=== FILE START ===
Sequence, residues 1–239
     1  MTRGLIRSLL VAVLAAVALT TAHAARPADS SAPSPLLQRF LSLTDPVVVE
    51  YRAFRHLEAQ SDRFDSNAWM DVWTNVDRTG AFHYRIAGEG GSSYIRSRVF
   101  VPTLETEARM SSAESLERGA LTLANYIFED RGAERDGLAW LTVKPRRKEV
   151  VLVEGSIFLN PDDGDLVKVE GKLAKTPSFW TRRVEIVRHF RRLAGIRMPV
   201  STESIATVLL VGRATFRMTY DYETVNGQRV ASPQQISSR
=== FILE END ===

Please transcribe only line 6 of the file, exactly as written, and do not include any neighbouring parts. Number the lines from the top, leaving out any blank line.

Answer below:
   201  STESIATVLL VGRATFRMTY DYETVNGQRV ASPQQISSR